Now, this Champion is honoured on the Night of and for three Days after the Games and is given every desire of his heart.  He may remain on the Isle of Apples, should he wish to, being given the full hospitality of the Lady of the Lake and the Order, until it is Time for the final Ritual.  But stay or go, he must vow to return upon the next Full Moon for the Harvest Ritual – not at the bloodletting Dark Moon as long ago – there to present the value of his Human sacrifice to the Fires.  

For the final Ritual, he will have made a bread from the first sheaves – by his own hands – in the form of a Man, symbolizing the life and body of the Grain.  The Lady of the Lake will have whispered the needs of the peoples of these Isles into his ear; which he then writes, or intones into the bread.  He then offers the loaf as sacrifice, in place of his own life. 

The First Seeds of the Grain in hand after the Harvest is gathered are buried at that Time, there to await, deep in the Earth, the Time when the great Wheel has turned and warmth has returned to the land – when they will sprout through the soil as the next year’s new growth.

The idea of a Sacrificed God, or King, is a very ancient one, yet Gwyddion tells me that this pattern keeps playing out in ever-new ideologies.  The King/God of the Christians was said to be in the ground, or a tomb, for three and one-half Days in a Death-like state, then resurrected in full glory – just as was the Grain!  And this was in the season of planting, in the first month of the Jews’ year. 

Even the length of three – or three and one half – Days, has been used symbolically in many cultures.  Gwyddion thinks that this number might be a part of so much Myth and Magic because a Lunar month is about twenty-eight and one half Days in measure, with eight phases, making each recognizable phase about three and one half Days long.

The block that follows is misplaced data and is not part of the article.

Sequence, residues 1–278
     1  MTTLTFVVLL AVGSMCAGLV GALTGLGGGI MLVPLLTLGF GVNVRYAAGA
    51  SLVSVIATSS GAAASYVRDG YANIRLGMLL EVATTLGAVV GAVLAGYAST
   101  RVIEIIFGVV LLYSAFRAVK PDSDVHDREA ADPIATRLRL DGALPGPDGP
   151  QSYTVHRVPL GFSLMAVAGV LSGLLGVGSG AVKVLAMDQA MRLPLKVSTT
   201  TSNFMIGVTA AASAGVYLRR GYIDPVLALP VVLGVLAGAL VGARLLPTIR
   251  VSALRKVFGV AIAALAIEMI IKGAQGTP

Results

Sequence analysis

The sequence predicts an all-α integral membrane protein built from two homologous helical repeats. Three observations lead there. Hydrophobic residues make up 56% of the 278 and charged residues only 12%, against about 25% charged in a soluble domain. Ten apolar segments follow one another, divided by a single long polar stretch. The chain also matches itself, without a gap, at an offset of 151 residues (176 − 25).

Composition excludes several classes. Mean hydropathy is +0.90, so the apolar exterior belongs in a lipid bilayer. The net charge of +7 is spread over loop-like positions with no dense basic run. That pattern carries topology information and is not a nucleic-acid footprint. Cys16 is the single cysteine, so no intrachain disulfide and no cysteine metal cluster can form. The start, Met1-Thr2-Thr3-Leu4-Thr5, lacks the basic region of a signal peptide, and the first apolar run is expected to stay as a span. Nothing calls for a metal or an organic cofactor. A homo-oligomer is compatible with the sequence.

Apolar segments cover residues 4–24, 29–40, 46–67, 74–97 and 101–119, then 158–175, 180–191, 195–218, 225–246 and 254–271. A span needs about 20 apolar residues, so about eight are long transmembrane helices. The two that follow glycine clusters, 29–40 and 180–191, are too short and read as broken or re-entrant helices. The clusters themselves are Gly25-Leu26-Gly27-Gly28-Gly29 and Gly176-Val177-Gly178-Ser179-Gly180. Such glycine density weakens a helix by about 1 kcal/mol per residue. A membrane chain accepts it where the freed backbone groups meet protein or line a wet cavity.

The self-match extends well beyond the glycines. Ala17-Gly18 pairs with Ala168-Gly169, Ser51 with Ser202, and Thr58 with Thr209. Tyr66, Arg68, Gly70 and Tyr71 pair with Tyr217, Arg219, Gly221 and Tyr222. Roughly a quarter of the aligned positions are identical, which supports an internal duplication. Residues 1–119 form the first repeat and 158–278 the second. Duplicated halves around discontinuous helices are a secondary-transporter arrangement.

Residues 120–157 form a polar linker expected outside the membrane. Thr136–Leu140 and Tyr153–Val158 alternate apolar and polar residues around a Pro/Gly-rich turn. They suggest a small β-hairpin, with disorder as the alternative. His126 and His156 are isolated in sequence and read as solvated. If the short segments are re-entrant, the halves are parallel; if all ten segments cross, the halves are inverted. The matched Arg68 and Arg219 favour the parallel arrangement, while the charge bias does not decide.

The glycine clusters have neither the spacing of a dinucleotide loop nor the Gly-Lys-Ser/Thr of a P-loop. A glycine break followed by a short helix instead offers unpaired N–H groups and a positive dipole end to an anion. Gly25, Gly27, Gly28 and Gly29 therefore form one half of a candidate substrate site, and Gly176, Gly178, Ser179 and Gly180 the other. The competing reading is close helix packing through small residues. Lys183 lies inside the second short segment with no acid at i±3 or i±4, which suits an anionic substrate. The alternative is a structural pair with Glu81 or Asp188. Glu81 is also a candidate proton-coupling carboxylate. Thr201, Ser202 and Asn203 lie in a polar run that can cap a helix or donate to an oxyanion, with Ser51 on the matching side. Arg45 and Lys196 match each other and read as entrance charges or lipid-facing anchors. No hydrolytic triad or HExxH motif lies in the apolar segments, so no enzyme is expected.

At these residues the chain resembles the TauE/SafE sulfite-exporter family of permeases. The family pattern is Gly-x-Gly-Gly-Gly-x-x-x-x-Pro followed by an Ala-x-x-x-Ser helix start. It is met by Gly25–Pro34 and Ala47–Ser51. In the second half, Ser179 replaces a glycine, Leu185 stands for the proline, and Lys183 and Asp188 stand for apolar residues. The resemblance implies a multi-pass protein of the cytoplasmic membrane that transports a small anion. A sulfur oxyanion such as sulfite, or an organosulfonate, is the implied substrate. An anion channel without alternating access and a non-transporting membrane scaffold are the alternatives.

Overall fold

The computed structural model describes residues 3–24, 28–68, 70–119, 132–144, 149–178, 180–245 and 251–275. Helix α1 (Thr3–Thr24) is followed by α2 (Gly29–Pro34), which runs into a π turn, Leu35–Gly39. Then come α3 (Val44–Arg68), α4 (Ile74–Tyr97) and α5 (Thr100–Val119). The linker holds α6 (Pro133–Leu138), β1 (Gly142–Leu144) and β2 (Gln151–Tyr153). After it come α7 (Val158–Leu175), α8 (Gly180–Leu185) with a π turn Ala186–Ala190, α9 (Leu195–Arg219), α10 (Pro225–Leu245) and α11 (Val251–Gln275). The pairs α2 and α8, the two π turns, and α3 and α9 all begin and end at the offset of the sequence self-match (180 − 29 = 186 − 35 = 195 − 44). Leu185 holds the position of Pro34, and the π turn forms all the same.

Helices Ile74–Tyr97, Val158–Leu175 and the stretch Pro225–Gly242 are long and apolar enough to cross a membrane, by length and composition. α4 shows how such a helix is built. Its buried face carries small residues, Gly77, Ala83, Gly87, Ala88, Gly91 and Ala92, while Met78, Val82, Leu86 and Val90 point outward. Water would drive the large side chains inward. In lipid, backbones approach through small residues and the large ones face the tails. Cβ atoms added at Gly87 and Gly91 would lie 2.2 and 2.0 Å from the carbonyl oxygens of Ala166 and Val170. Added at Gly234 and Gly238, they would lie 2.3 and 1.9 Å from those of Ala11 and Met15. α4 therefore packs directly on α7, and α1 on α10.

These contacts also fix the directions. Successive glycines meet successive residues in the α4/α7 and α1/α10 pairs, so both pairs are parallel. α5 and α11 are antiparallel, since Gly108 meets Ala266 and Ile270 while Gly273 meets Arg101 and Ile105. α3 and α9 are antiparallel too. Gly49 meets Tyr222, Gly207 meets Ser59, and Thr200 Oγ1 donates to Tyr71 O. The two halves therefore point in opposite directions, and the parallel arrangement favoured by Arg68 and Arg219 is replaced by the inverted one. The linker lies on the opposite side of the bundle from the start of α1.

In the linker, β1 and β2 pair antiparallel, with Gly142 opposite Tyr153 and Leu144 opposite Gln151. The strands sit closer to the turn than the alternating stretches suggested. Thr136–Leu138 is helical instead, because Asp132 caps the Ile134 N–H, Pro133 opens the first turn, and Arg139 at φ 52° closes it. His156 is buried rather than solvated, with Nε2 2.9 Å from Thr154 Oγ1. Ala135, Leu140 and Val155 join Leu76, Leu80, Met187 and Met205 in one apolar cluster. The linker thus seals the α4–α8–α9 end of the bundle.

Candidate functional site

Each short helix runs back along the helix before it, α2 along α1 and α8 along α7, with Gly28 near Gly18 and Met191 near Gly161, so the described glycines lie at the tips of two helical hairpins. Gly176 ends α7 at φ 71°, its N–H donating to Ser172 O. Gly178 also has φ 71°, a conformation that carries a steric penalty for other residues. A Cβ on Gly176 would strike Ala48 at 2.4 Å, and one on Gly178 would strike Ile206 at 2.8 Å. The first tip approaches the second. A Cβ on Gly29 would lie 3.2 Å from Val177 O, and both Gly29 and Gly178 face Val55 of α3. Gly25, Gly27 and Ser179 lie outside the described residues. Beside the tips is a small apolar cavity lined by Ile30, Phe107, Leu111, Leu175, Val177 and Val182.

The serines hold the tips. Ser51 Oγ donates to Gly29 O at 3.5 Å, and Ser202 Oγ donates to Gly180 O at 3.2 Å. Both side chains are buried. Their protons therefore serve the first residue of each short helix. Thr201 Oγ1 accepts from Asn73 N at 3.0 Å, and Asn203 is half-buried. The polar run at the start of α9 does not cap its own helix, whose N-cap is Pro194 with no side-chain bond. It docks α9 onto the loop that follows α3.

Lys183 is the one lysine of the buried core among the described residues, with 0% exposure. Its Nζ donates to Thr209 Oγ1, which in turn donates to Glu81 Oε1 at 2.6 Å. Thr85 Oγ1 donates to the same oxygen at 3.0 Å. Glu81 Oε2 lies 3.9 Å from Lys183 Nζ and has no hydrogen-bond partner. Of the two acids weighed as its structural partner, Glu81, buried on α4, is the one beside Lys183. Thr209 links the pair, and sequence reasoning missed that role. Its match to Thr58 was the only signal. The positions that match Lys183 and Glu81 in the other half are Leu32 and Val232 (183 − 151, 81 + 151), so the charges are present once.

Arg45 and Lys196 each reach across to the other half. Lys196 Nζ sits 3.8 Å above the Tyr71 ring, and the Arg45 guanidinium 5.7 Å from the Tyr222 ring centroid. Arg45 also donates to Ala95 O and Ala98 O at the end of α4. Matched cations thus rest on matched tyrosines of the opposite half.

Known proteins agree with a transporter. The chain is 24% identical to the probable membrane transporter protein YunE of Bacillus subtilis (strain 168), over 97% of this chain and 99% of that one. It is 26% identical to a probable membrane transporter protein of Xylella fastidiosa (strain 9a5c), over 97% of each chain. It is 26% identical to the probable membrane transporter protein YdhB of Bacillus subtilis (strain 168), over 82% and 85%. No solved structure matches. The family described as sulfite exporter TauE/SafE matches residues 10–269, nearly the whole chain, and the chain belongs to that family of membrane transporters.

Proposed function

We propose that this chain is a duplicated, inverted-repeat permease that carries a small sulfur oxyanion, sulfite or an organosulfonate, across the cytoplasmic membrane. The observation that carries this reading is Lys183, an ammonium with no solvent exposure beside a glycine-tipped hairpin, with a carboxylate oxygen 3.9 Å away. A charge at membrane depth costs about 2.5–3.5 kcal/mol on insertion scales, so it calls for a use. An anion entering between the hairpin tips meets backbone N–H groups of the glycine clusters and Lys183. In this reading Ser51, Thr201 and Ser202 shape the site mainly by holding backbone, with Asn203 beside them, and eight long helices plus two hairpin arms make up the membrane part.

Gwyddion once posed the question to Bedwyr and me, “Boys, why do we keep these Sacred Festivals?”

Of course this was a rhetorical question, so he continued:  “It is because, as long as the Sun rises again each Day and the Earth, Trees, Grain, Animals, Humans, and all other living things continue to turn the Wheel of the Year by performing their annual Ritual rounds of necessary tasks, the World will go on.  This is why we keep these Sabbats.  It is the right thing to do.  It is our Divinely given endeavour and function upon this Earth.

“Let me ask you this, boys:  What do you think would happen, if upon one year, all the Trees refused to do their dance – refused to blossom, leaf and drop their leaves – refused to honour the great cycles of life in the Wheel of the Year?  Why, all life on Earth would die!  For all things on Earth are interdependent. 

“Well then, let me ask you this:  What if all the insects or Animals or Birds – and so on – did the same?” 

“All life on Earth would die!” quoth we.  

Gwyddion continued, “We as Humans must do our part in keeping the Wheel of the Year turning.  We must enter the Land of Myth – the Realm of the Gods – and do as they did ‘In the Beginning’ and have taught us to do; we must keep the Holy Days and perform the Rites.  By doing these things we keep the seasons turning – one notch at a Time.  For I tell you truly, if the Day should ever come when all Humans refuse to do their part in this and keep the Old Gods’ ways, all things as we know them on Earth will come to an end.  Yes, we keep the Holy Days because it is the right thing to do!”

For more information on this cycle of the "Turn of the wheel" see my article on my music site, Rowena of the Glen.com

Have a great and fun Harvest Celebration!  "Merry we meet, and merry we part, and and merry we meet again."

        Godspeed and Goddess Bless,

        Rowena
Previous Page Return to front pageGo to next page
divider
LINKS  I  SITE MAP  I  CITATION  I  PRIVACY  I  COPYRIGHT


If you experience any problems with this site, please contact the web mistress.



Last updated January 2015